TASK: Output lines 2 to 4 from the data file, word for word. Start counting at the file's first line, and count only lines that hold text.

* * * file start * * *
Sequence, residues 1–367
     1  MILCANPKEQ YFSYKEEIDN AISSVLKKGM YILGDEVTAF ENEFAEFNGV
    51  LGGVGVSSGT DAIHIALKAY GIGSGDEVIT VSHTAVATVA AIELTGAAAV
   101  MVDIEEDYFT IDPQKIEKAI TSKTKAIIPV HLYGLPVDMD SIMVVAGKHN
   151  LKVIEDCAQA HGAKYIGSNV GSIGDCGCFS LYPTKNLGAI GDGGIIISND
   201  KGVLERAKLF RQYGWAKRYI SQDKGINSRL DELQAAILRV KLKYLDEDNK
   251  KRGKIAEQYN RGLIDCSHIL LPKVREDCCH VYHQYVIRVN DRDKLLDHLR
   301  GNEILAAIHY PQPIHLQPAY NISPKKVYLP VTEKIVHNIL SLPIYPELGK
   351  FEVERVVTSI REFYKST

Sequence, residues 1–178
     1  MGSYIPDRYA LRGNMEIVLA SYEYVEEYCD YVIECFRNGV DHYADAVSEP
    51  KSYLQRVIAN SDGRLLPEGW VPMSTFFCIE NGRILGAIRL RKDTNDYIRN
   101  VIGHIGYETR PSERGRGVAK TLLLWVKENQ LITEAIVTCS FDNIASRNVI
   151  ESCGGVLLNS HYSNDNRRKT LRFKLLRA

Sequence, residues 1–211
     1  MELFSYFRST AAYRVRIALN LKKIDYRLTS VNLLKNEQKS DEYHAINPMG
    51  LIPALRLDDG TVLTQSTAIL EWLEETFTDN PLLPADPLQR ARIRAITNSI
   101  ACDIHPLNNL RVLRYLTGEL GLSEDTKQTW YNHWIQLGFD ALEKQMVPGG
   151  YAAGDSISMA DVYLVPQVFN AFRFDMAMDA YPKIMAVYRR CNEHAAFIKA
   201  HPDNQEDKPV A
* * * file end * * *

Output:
     1  MILCANPKEQ YFSYKEEIDN AISSVLKKGM YILGDEVTAF ENEFAEFNGV
    51  LGGVGVSSGT DAIHIALKAY GIGSGDEVIT VSHTAVATVA AIELTGAAAV
   101  MVDIEEDYFT IDPQKIEKAI TSKTKAIIPV HLYGLPVDMD SIMVVAGKHN